Micro-Chop has grown and evolved quite a bit since I started the initial Medium publication in the summer of 2016. The Twitter community recently eclipsed 6,000 members and the tweets sent from that account just broke 1,500,000 total unique impressions over the past 28 days.
Those numbers are simultaneously encouraging, mind-blowing, and terrifying. I just hope I can continue using the Twitter feed to share my own writing while signal boosting various artists and music journalists as best I can.
I owe an enormous debt of gratitude to every single person who helped me get this far. …
As you may already know, I started a Micro-Chop Substack newsletter in July. So far I have close to 800 free and paid subscribers. I’m trying to boost that number to over 1,000.
If you really love my writing and want to offer some financial support, I’m running a 40% off sale on subscriptions. For $3/month or $26/year you get brand new Micro-Chop articles sent directly to your inbox on Monday, Wednesday, and Friday of each week. If you sign up for a paid subscription you also get access to all archived Substack articles. Read a sample article here.
In its first six weeks the Micro-Chop Substack newsletter broke 500 total subscribers. This is very exciting news. People seem to love it so far and I love this new way of engaging my readers.
The unique hybrid of newsletter and website that Substack offers has certainly helped generate new interest in Micro-Chop while earning me some additional income for my hard work.
I’m very happy with the results and plan on putting the majority of my writing effort into freelancing and Substack moving forward — at least for the time being.
So far, I’ve written about
Veteran producer and MC Big Tone still remembers the first time he linked with fellow Detroit native and Street Corner Music founder House Shoes in 1995. A member of a group called University at the time, Tone walked into an iconic Detroit hip-hop landmark with a beat tape in his pocket and some music to share. “I met Shoes by playing him a batch of beats that I made outside of Hip Hop Shop,” he says. “I gave him a tape, he went and popped it in his car. …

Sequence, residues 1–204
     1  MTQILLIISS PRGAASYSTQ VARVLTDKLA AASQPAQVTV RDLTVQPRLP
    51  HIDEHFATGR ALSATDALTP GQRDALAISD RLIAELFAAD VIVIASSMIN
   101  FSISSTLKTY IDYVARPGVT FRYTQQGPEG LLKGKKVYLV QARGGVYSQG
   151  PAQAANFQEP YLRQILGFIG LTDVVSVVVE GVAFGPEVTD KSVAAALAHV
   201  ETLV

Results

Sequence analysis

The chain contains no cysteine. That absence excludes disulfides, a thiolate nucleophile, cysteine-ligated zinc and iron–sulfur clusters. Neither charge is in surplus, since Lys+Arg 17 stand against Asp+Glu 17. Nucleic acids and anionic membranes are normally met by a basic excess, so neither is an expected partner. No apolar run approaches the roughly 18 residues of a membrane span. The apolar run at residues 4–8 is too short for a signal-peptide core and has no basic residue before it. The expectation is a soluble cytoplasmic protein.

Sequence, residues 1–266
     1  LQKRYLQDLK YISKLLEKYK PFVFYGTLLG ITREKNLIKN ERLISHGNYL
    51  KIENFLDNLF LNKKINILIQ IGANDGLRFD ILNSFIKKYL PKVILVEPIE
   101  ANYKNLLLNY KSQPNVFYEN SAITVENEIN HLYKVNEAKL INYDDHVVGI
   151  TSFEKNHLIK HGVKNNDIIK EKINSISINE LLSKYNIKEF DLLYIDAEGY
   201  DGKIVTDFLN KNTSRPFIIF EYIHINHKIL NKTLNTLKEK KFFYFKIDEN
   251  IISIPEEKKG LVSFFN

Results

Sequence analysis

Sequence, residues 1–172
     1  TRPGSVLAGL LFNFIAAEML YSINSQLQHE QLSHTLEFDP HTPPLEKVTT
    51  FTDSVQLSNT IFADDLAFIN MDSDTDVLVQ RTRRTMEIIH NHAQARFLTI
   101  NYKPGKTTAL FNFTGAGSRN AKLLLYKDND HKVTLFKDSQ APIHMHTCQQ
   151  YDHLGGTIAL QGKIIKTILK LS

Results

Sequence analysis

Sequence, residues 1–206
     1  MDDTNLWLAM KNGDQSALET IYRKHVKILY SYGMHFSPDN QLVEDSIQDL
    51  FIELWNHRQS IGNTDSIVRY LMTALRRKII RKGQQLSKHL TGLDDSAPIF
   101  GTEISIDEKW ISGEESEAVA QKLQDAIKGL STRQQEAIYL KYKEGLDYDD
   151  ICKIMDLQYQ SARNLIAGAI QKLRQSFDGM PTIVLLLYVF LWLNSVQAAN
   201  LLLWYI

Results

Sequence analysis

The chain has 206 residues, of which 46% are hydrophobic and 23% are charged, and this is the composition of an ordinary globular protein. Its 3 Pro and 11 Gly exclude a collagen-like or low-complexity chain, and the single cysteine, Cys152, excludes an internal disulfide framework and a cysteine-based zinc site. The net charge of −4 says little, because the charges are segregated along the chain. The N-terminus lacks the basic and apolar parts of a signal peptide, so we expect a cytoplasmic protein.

Veteran producer NAMELESS still vividly remembers his earliest days crafting instrumentals as a teenager growing up in Flint, Michigan during the late 1990s and early 2000s. Like many sample choppers who came of age as computers became a staple in American homes, he started making beats by testing his skills on a demo of a now-famous digital audio workstation. “I actually started with Fruity Loops, the box computer and all that,” he says. “It wasn’t even the full version, it was like a trial version.”
Although there wasn’t a huge hip-hop scene in his local community, NAMELESS was fortunate enough to have a few key people nurture his love of music. His close friend and fellow Wu-Tang fanatic Brandon encouraged him to try his hand at beatmaking while Beats x Beers founder B.Corder showed aspiring producers from the Flint area they could achieve widespread recognition through perseverance and hard work. “Everybody was fucking with him, he was pretty much the most respected coming up out of Flint,” NAMELESS remembers. …
(Updated July 15th, 2019)
Before making waves with her impressive (mostly) instrumental debut YUNG, L.A. beat scene staple Linafornia first found her way into production as a form of catharsis during a dark time in her life. “I started making beats because I was doing physical therapy, learning how to walk again and stuff like that,” she tells me. “That was the influence.”